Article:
United States Ambassador to Guyana, Sarah-Ann Lynch has announced that a number of United States agencies have come on board to assist citizens with voter education as part of the electoral process.US Ambassador to Guyana, Sarah-Ann LynchOn the sidelines of an event on Friday, she indicated that United States Agency for International Development (USAID), the State Department and other agencies agreed to lend support after requests were made by the Guyana Elections Commission (GECOM).“The State Department and USAID is providing assistance, primarily towards voter education, both in Georgetown and along the coast, but also in the hinterland. This is a very important part of the process and we’re thrilled that GECOM invited us in to assist. We’re aiding and assisting as best as we can,” the diplomat told reporters.GECOM Chairperson Retired Justice Claudette SinghUSAID was independently established by the US Federal Government, primarily for the purpose of administering civilian foreign aid and development assistance.Meanwhile, a number of international observers have applied to scrutinise the entire electoral process in the lead up to and after the March 2, 2020 Regional and General Elections. After some delay, a number of international observers have been approved to ensure that the 2020 elections are free, fair and credible.Chairwoman of the Guyana Elections Commission (GECOM), Justice (ret’d) Claudette Singh had shared that the Commission welcomes the international observers, noting that they are critical to the process.In September, officials from the Carter Center would have visited to gain perspective on Guyana’s situation. Following a meeting with the Attorney General, Basil Williams, the Center’s Associate Democracy Programme Director, Brett Lacy told reporters that the organisation is trying to get the various perspectives of the current situation.“I can say from the Carter Center, we are really just here to listen and we are hoping to meet with different actors to understand everyone’s perspective on current events here in Guyana,” Lacy had said.Shortly after, the team met with Opposition Leader, Bharrat Jagdeo where many matters were discussed, including the “conduct of elections, credible elections and early elections”. He had also facilitated discussions with the ABCE Chief of Missions which included Ambassador Lynch; Deputy British High Commissioner, Ray Davidson; Canadian High Commissioner, Lilian Chatterjee and Deputy Head of the European Union (EU) Delegation in Guyana, Philippe Coessens.GECOM also confirmed that the European Union (EU) would be fielding an observer team for the polls. Government nominated Commissioner, Charles Corbin was quoted as saying, “The EU team visited. They have engaged with the Government. And they have indicated they’re prepared to mount an observer mission. And basically, they have been engaging with other stakeholders in Guyana.”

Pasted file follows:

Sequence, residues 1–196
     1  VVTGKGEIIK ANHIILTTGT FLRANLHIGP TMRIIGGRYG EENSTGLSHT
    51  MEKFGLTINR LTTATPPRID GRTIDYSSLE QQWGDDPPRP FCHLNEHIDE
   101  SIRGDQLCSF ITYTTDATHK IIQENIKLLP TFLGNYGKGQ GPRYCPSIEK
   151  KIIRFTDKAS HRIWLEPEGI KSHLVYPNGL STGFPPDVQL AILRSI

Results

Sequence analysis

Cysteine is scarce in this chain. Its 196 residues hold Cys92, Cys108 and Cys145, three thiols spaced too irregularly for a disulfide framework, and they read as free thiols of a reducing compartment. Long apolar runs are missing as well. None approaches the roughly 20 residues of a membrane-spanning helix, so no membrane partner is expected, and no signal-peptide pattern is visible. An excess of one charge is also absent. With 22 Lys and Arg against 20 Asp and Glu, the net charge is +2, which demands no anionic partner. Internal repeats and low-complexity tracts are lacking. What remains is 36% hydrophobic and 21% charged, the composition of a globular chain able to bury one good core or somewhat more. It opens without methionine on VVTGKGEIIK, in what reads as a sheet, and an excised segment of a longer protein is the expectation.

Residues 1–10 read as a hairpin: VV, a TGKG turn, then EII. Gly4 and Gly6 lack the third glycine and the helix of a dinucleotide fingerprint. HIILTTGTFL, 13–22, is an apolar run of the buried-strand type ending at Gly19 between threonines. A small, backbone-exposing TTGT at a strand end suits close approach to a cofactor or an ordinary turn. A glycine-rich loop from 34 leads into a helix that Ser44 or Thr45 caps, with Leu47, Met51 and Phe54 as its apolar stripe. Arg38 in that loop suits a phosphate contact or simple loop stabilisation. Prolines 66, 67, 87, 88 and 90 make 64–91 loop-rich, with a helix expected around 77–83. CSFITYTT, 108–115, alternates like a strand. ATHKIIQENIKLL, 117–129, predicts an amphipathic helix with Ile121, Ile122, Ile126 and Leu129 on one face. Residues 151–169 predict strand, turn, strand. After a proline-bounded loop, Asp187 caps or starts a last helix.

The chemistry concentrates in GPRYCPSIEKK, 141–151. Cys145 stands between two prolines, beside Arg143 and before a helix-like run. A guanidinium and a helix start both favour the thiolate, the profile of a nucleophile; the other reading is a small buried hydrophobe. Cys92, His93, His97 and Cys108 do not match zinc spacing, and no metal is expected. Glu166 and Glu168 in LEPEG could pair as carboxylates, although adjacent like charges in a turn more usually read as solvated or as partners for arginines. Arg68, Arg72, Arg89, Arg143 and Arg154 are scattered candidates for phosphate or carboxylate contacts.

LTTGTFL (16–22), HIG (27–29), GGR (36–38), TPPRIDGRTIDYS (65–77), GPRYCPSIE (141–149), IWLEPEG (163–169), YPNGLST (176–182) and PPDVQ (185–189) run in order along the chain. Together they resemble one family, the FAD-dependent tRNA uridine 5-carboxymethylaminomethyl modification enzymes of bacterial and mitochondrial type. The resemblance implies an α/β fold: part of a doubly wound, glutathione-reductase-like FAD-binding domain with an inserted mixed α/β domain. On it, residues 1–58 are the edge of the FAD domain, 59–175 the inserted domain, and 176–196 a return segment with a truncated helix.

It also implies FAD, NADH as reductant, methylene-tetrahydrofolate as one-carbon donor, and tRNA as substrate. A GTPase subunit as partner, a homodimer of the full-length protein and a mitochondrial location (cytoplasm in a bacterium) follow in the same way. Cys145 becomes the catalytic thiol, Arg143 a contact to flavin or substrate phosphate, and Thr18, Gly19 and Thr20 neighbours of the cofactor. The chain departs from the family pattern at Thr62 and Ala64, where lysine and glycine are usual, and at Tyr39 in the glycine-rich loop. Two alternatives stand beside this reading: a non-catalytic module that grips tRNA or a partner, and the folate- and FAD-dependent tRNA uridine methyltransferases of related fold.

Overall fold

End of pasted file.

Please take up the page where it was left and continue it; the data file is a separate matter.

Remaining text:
“It won’t be completely snuffed out till Oct. 13,” said Joe Luna of the Ventura County Fire Department, from the fire command post in Thousand Oaks. “You’re looking at an area nearly 15 miles long and seven miles wide. “There are a lot of burning embers in there, and the wind is picking up.” The cost of the Topanga Fire soared Tuesday to $14.4 million. Meanwhile, about 30 firefighters worked on the remnants of a 1,100-acre fire in the Verdugo Mountains, dubbed the Castaways Fire after the landmark Burbank restaurant close to where the blaze started last week. They mopped up hot spots and remained alert for potential flare-ups as the Santa Anas kicked up. The fire was contained as fire crews used helicopters equipped with infrared cameras to spot embers on the Verdugo Mountains’ La Tuna Canyon side. No homes were damaged or threatened. “There’s still heat up there, but we’ve got it surrounded,” said Capt. Ron Bell of the Burbank Fire Department. Bell said firefighters would man 100 feet around the perimeter for days until the last embers had burned themselves out. The cost of fighting the fire could amount to as much as $4 million, but officials said much of the cost could be offset by federal and state grants. Also Tuesday, officials reported that the Stough Canyon Nature Center survived the fire but that many hiking trails will be closed at least through this week. Dana Bartholomew, (818) 713-3730 [email protected] 160Want local news?Sign up for the Localist and stay informed Something went wrong. Please try again.subscribeCongratulations! You’re all set! AD Quality Auto 360p 720p 1080p Top articles1/5READ MOREThe top 10 theme park moments of 2019 Despite a new burst of Santa Ana winds, firefighters managed to close the last remaining gap in the Topanga Fire at Las Virgenes and Chesebro canyons, fire officials said. Two helicopters, fighting gusts up to 50 mph, made water dumps throughout the day. As backup, engines were stationed in Bell Canyon, Simi Valley, Woodland Hills, Calabasas and Fire Station 36 in Oak Park. Throughout the week, thousands of residents and animals had fled fires from Burbank to Calabasas along the Verdugo and Santa Susana mountains. Fueled by brush thickened by record rains and Santa Ana winds that threatened to carry embers across the Ventura Freeway into the parched hills of Malibu, the Topanga Fire choked the skies and rained ash across Los Angeles. At its peak last week, more than 3,000 firefighters from 100 agencies fought the blaze. Firefighters fully contained two menacing wildfires Tuesday – one in Burbank and the other along the Ventura-Los Angeles county line – but were worried that Santa Ana winds could fan embers in the smoldering burn zones. “We’re still concerned about the wind, because it threatens our containment,” said Kurt Schaefer, a spokesman for five agencies fighting the 24,000-acre Topanga Fire, “It’s (still) a lot of work.” Firefighters said it would be another week before the last embers were snuffed and the Topanga and Burbank fires declared officially dead. By 6 p.m., more than 1,300 firefighters had encircled the brush fire in the hills within Los Angeles and Ventura counties that had scorched more than 24,000 acres and destroyed three houses and 35 vehicles.